Saturday, March 26, 2016

Donald Trump Is The GOP, The GOP Is Donald Trump

It gets exhausting writing about Donald J. Trump. Almost as exhausting as watching “the shows” spout conventional wisdom about why he is doing well and what the Republican party plans on doing to stop him. Were he what the inside the Beltway crowd has convinced themselves he is - some sort of sui generis mash up of Huey Long, George Wallace, and Benito Mussolini, it would be easy to dismiss his popularity as a one-off. A perfect storm of personality and moment, that point at which the dying gasp of (mostly) disaffected white voters railed against a system and party it thinks has abandoned it to free trade and multiculturalism while showing its belly to the world by refusing to lead the fight against capital R, capital I, capital T radical Islamic terrorism.

But such analysis is simply too facile (and false). That thesis ignores Trump’s across-the-board (not to mention geographical) success. While it is true that Trump cleaned up in the deep South, and particularly in areas with fewer college graduates, he also prevailed in places like Illinois, Ohio, New Hampshire, Virginia, and Connecticut - all of which have heterogenous electorates where Trump garnered the votes of CEOs and their workers alike. Indeed, were Trump anyone other than Trump, a candidate whose victories spanned such a diverse segment of age, income, and geography, the chattering class would have deemed this race over long ago.

But the Republicans’ attempt to separate themselves from Trump has been equally foolhardy. House Speaker Paul Ryan gave a speech this week bemoaning the tenor of the political debate in this country, but Ryan’s apologia missed the forest for the trees. The Republicans do not have a messaging problem but rather, a message problem. When you support restricting voting rights, deporting millions of undocumented immigrants, shutting down abortion clinics, and show antipathy toward gays and lesbians, it should be no surprise that your party struggles to elect a President in a national election. Yet, because Republicans have successfully gerrymandered House districts to a point where their incumbents are more threatened in primaries than general elections and have scooped up Governor’s mansions and state legislatures, they have shown little interest in considering why their Presidential results are so poor.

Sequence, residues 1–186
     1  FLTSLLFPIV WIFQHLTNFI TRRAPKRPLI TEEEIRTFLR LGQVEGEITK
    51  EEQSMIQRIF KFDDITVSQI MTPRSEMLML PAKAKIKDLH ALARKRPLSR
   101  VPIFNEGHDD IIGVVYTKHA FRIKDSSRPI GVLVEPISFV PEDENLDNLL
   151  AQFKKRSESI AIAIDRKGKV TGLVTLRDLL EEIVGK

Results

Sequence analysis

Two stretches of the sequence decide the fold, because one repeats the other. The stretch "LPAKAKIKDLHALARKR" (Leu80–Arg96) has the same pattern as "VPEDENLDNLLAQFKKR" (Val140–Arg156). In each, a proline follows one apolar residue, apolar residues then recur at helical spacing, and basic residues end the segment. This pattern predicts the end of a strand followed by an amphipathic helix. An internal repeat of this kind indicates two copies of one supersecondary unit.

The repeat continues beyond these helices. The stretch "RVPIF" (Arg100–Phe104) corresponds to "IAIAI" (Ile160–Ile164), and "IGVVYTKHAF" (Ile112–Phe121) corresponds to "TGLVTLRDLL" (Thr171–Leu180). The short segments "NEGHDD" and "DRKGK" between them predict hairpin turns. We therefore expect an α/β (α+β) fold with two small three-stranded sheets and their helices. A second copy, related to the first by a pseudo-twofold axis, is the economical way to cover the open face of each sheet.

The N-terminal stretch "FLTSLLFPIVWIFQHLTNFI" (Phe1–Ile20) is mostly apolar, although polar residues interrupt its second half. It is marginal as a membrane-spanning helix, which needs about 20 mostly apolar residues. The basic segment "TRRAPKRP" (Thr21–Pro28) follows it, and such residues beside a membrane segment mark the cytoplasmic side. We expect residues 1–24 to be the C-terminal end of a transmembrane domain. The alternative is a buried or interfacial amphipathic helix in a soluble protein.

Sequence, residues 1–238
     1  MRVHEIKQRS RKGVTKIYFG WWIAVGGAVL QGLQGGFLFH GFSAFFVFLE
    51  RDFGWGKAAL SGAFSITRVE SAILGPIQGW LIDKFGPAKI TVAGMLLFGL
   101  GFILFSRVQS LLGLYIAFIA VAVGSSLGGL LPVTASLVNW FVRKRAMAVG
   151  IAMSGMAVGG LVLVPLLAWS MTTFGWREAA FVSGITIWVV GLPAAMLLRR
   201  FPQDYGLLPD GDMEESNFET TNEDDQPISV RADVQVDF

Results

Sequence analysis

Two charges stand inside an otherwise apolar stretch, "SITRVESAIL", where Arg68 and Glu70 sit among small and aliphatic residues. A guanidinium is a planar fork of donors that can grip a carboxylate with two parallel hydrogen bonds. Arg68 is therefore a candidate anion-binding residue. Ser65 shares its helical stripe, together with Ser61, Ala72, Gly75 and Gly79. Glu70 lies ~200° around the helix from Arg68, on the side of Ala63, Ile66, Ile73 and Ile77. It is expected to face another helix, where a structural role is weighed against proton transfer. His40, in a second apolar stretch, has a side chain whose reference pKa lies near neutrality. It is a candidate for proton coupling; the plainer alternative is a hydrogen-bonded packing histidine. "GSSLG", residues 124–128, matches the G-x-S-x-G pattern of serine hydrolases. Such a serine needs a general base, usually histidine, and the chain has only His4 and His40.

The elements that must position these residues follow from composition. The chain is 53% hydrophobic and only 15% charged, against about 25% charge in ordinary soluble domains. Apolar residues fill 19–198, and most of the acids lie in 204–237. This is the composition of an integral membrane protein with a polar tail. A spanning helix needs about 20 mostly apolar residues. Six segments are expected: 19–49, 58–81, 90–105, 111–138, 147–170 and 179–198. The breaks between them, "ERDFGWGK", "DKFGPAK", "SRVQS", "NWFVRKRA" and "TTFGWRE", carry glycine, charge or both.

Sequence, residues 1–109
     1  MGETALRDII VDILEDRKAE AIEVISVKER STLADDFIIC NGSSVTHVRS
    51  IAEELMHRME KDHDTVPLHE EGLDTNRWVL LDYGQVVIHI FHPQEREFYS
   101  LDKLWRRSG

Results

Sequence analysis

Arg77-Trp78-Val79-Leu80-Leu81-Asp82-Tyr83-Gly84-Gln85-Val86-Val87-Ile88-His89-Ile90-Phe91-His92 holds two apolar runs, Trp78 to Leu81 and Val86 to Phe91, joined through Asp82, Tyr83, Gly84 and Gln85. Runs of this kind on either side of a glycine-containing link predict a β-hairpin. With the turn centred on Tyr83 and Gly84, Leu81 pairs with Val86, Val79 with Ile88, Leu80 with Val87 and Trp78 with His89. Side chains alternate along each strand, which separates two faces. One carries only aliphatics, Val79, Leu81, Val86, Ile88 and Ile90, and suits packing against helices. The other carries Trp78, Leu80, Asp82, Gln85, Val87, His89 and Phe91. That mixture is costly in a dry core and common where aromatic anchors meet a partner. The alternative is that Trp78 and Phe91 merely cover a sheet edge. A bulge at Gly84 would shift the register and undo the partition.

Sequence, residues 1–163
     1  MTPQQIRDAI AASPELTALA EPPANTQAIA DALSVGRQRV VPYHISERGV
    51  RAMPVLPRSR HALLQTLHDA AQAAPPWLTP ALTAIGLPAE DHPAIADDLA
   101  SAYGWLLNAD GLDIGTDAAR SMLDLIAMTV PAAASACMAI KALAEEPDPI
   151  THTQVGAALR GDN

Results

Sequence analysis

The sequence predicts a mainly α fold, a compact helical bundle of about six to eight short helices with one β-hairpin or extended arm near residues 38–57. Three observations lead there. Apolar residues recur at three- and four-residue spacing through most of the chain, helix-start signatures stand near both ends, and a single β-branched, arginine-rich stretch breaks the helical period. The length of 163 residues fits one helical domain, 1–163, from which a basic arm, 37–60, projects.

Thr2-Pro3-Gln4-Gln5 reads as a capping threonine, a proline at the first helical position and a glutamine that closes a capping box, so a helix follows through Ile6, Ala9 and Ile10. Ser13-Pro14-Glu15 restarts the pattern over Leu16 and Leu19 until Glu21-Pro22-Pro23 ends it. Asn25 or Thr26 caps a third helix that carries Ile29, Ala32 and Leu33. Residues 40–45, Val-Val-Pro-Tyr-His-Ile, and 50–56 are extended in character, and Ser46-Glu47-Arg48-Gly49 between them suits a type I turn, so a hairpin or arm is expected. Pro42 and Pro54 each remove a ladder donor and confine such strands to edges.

The Republican “fever” Obama hopefully claimed would break in 2012 has instead deepened. It is not just Trump’s rise, but in the Senate’s refusal to take up his nominee to the Supreme Court, the almost instantaneous condemnations that flow from the mouths of Republicans in the wake of things like terrorist attacks in other countries and the boilerplate rhetoric of almost every Republican nominee for President not named Trump questioning everything from Obama’s loyalty to the country to whether he is subverting the Constitution that is indicative of mainstream  Republican thought - Trump is simply refracting that ugliness back in a coarser, purer way.  

Even as Trump marches inexorably toward the nomination, plans are afoot to insulate down ballot candidates from what party elders fear will be Trump’s landslide defeat in November. Endangered incumbents like Mark Kirk and Kelly Ayotte are already making the pivot to try and show they are bipartisan in an effort to appeal to voters who might otherwise punish them for their obstruction of President Obama. And such a strategy may work. Republicans are far more invested in framing Trump as an invader out of step with its party’s orthodoxy than in seeing him as a representation of it.